Counties To Propose How To Allocate Proposition 63 Funds
Stanislaus, San Joaquin and Merced counties have received a combined $600,000 to research mental health care deficiencies in the counties and develop plans to allocate funds from Proposition 63, which voters approved in November 2004, the Modesto Bee reports.
Proposition 63 raises the state's personal income tax by 1% on annual incomes that exceed $1 million to fund mental health services. State mental health experts say the measure could generate as much as $750 million annually beginning next fiscal year for mental health programs in the state.
Stanislaus County received $204,000 to conduct meetings to better understand the needs of county residents, according to Dan Souza, Stanislaus Behavioral Health and Recovery Services director. Over two weeks in March and April the county held meetings to gauge feedback about spending proposals. The county last week also held meetings with not-for-profit agencies that specialize in mental health care.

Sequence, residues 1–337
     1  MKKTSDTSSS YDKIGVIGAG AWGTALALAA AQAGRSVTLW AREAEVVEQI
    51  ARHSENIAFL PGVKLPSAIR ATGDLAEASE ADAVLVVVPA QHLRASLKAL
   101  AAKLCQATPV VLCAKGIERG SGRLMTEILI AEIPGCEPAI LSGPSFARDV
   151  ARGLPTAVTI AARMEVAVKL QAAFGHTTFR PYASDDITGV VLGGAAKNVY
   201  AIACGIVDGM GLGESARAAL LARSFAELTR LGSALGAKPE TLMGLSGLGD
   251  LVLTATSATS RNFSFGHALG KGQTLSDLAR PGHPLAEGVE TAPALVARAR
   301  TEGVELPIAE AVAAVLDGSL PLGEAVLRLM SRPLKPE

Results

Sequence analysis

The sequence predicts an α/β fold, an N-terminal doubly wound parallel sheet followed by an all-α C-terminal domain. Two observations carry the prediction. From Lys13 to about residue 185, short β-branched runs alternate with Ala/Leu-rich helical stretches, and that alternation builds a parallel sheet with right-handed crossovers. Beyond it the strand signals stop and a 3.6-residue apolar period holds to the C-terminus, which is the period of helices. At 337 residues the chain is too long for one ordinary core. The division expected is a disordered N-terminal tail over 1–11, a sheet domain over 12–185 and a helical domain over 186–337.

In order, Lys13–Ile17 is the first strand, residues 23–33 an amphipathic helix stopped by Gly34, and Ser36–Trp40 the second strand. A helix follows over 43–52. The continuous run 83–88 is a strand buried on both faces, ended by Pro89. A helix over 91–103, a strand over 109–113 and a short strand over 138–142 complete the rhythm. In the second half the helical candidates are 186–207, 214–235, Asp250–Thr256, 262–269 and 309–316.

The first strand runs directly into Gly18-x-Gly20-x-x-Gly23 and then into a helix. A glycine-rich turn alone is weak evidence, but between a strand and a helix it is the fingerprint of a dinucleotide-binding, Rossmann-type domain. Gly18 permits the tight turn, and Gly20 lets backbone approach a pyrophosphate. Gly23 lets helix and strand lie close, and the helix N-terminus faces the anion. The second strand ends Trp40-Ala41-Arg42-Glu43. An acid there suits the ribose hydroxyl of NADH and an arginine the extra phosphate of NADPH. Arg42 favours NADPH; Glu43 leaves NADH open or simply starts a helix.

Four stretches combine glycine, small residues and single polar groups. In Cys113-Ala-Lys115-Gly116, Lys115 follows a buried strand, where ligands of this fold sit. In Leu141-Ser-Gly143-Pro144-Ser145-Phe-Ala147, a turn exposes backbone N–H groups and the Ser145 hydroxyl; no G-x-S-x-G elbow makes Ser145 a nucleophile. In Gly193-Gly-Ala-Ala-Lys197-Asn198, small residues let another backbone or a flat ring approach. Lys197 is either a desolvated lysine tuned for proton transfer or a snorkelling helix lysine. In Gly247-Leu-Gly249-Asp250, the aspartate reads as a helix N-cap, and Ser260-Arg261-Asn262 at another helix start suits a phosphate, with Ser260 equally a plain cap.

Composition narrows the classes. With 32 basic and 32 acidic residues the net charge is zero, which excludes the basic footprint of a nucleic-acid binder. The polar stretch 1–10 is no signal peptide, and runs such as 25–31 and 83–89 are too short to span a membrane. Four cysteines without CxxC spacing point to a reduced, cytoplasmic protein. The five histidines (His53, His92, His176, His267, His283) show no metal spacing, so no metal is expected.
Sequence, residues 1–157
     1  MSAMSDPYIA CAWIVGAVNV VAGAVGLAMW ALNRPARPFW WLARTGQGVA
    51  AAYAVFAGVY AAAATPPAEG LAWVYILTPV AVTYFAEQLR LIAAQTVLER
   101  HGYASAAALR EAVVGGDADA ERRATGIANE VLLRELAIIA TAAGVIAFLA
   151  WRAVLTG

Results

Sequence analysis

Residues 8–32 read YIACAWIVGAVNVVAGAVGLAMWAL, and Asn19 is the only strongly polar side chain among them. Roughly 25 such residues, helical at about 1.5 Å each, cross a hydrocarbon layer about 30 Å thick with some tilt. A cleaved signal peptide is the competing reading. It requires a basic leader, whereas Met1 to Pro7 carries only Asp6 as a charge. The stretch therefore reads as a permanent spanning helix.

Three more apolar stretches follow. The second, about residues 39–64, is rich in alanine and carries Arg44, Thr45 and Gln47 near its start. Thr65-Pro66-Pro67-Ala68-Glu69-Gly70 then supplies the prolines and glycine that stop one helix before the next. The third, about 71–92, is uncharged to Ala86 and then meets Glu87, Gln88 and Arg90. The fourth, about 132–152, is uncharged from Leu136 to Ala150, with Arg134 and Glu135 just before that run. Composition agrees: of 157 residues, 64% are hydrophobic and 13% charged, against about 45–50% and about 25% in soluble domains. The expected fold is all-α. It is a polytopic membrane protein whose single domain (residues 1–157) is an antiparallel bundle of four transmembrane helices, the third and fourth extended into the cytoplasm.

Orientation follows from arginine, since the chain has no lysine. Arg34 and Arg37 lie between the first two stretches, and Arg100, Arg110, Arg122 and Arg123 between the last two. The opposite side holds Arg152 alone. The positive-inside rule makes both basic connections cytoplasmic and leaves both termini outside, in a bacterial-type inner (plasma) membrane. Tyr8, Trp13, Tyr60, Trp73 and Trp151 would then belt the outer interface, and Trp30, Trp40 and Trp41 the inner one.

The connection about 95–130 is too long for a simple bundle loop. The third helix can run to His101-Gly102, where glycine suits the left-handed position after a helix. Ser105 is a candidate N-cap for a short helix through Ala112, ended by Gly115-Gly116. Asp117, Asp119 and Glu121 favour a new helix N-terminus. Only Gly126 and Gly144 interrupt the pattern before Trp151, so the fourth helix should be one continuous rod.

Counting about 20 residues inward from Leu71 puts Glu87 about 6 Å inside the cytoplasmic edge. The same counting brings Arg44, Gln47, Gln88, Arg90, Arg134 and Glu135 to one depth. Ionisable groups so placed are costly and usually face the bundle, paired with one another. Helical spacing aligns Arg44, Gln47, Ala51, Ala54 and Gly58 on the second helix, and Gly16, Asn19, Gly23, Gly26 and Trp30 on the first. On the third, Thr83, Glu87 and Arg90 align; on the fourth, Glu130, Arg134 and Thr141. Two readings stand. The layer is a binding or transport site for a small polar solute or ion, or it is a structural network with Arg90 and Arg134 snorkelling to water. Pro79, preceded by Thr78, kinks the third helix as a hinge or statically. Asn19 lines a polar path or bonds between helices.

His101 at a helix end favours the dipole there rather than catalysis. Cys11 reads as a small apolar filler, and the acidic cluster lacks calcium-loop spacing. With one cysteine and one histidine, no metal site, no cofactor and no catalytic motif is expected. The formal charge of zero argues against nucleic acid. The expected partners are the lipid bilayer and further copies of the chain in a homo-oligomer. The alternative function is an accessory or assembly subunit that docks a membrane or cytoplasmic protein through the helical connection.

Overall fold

When research is complete, the county will present a spending plan to the public. Following comment, the plan will be presented to the county Board of Supervisors. If approved, the plan must receive final approval from the state Department of Mental Health (Hood, Modesto Bee, 4/28).
Sacramento County could receive about $21 million in Proposition 63 funds, and county officials say "compelling needs identified by the county could generate more," the Sacramento Bee reports.
Sacramento County received $384,385 to research spending proposals for the funding. County officials on Monday will hold a meeting at the county Board of Supervisors' chambers.
Sacramento County spends currently $175 million annually on mental health services (Enkoji, Sacramento Bee, 5/1).